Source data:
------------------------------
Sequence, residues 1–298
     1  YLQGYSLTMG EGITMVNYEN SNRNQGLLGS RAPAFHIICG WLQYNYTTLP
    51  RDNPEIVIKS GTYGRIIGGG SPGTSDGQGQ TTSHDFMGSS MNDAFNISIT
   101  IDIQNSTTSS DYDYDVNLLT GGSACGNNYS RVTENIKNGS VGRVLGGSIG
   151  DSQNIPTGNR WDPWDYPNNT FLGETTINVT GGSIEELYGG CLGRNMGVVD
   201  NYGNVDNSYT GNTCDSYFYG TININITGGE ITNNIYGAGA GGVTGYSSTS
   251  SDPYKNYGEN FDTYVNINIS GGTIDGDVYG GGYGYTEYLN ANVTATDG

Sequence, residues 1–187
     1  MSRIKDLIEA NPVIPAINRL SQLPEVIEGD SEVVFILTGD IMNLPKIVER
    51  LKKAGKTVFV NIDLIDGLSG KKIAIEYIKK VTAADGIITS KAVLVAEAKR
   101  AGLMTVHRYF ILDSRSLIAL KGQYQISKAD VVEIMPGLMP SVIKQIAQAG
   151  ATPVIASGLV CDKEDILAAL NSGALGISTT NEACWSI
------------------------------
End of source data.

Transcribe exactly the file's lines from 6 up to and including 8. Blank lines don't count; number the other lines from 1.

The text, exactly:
   201  NYGNVDNSYT GNTCDSYFYG TININITGGE ITNNIYGAGA GGVTGYSSTS
   251  SDPYKNYGEN FDTYVNINIS GGTIDGDVYG GGYGYTEYLN ANVTATDG

Sequence, residues 1–187